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June 11, 2019
I am quite sure the very first explorers were crazy. Looking out to the horizon and seeing nothing but water, why on earth would anyone ever traverse those endless waves, into the unknown? Of course, it is the same reason that compels us to tackle new problems and learn new things every day: an interest in the world around us; curiosity.
June 9, 2019
Overnight, the ‘star sieve’ returned several hundred grams of rocky material with characteristics similar to what we are looking for in meteorites – black-colored rocks with a smooth exterior surface. But when ALL of the samples from multiple sites look that way, you have either hit the jackpot or something else is going on.
June 3, 2019
By Abrian Curington As the artist on board for these sea trials, it is my job to create an illustrated map to commemorate the trip, as well as some illustrated travel journaling. Though it would be great to get right to drawing, before I can lay pen to paper, I get to do copious research. Essentially, this means I move around making notes and doodles of seemingly irrelevant objects and …
March 29, 2019
The R/V Falkor has three artists along on a research cruise to provide new and different perspectives on ocean research. Here’s what they are doing…
March 26, 2019
Three artists join the crew to explore new perspectives on ocean science.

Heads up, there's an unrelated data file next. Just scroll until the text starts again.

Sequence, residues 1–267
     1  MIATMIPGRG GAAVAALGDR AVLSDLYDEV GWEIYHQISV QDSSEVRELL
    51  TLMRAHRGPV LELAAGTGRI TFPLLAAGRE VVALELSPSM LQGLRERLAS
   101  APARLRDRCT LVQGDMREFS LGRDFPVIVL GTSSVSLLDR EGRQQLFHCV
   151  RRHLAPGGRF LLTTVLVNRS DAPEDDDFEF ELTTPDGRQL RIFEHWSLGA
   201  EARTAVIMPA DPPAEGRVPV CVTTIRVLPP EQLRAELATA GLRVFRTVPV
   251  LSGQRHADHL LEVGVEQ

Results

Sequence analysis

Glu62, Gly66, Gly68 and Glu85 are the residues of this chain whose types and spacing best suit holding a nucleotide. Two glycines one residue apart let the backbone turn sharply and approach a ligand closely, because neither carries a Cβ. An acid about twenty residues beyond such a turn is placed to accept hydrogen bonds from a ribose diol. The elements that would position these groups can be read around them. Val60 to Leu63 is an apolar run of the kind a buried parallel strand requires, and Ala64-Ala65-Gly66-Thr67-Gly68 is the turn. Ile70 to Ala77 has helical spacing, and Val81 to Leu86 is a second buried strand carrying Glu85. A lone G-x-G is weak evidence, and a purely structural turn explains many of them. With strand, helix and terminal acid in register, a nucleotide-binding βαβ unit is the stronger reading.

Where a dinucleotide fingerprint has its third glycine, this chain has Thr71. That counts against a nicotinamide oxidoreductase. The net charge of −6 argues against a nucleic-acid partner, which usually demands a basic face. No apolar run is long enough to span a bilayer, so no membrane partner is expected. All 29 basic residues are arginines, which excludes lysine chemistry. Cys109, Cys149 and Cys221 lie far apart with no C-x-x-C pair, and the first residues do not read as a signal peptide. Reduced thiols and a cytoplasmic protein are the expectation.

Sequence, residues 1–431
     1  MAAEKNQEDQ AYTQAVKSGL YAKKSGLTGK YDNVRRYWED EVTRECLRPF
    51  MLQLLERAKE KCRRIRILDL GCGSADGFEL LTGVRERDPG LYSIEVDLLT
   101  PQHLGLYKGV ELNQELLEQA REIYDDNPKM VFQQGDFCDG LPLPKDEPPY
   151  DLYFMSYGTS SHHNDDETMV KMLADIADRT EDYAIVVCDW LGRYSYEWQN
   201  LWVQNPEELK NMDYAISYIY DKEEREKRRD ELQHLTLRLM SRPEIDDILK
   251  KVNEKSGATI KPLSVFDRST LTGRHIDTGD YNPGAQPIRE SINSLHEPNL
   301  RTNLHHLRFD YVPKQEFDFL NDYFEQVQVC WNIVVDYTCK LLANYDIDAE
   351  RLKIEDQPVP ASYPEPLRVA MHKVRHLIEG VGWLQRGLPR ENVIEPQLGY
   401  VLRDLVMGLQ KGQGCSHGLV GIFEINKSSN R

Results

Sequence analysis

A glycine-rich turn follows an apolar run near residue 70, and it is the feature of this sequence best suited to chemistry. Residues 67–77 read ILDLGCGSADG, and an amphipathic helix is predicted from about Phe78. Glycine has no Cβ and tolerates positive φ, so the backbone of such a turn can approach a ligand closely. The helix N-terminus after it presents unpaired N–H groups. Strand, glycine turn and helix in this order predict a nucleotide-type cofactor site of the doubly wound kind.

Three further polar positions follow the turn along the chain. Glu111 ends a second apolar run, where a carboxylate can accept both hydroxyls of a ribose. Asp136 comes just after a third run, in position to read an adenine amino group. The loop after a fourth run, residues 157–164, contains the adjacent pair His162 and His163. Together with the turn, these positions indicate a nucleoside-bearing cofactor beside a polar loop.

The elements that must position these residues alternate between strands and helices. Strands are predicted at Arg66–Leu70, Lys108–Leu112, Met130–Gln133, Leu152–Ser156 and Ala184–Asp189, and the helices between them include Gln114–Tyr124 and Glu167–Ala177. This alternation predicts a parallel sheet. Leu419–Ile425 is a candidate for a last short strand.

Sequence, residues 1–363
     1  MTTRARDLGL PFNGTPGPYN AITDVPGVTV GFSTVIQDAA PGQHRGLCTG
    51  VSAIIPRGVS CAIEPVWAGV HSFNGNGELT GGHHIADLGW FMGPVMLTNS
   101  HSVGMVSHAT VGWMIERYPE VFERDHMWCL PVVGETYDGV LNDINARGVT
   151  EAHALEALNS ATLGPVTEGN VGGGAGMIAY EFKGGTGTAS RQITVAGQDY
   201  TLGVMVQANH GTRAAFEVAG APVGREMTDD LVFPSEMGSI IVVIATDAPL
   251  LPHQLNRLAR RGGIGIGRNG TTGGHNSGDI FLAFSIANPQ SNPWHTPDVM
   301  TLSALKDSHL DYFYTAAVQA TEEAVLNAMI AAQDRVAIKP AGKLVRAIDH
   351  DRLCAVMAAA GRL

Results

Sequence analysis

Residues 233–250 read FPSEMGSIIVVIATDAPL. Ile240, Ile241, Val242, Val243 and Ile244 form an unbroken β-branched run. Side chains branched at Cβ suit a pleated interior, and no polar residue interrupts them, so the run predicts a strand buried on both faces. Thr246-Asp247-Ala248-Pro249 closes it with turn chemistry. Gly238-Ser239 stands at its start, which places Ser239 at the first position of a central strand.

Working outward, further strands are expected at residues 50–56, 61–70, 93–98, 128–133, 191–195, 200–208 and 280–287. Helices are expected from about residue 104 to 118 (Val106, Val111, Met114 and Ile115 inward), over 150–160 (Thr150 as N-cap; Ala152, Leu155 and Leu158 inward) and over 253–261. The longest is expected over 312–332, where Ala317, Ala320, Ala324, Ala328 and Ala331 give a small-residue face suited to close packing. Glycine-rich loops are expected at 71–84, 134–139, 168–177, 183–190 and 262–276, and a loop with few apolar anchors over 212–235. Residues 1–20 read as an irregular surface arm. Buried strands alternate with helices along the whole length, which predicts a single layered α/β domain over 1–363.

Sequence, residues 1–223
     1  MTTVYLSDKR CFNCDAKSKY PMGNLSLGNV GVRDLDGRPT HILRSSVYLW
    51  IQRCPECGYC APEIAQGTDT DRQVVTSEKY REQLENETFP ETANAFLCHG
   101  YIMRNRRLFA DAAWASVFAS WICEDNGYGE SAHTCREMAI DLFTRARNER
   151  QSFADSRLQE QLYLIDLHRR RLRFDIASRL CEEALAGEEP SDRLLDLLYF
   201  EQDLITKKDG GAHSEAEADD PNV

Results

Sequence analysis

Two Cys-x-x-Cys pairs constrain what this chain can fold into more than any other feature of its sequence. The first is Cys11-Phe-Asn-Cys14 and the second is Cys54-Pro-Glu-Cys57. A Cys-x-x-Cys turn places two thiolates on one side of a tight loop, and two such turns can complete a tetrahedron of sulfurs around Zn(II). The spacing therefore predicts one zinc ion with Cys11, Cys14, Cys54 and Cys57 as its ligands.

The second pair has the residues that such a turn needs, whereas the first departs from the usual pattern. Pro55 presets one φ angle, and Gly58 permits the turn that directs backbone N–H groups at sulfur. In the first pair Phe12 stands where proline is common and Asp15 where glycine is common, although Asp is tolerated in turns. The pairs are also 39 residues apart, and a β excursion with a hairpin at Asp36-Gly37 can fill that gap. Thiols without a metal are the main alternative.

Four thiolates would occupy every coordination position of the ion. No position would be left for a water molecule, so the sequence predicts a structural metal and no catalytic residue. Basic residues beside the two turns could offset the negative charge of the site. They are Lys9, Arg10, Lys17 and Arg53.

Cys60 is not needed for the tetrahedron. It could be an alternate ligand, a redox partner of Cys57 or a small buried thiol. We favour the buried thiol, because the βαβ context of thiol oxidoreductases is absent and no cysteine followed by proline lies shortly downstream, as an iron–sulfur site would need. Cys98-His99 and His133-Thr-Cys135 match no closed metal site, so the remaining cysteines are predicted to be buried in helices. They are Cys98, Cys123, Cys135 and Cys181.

March 19, 2019
Two videos and an oil painting from the current cruise of the Schmidt Ocean Institute’s R/V Falkor: Microbial mysteries — linking microbial communities and environmental drivers
December 30, 2018
I can imagine that for every Artist-at-Sea and for every researcher that has been part of an oceanographic cruise on the Falkor, there have been a variety of very specific circumstances that inspired and triggered their work, making advancements in their research.
December 19, 2018
Trying to work with clay during an oceanographic expedition focusing primary on autonomous robotic development might sound a little crazy. Ok, probably it is.
October 29, 2018
For three weeks, the crew and science complement of the R/V Falkor has sailed down the coast of California, from San Francisco to San Diego. We have worked together to take the ROV SuBastian into the depths, beyond the reach of sunlight and—for now anyway—human intervention.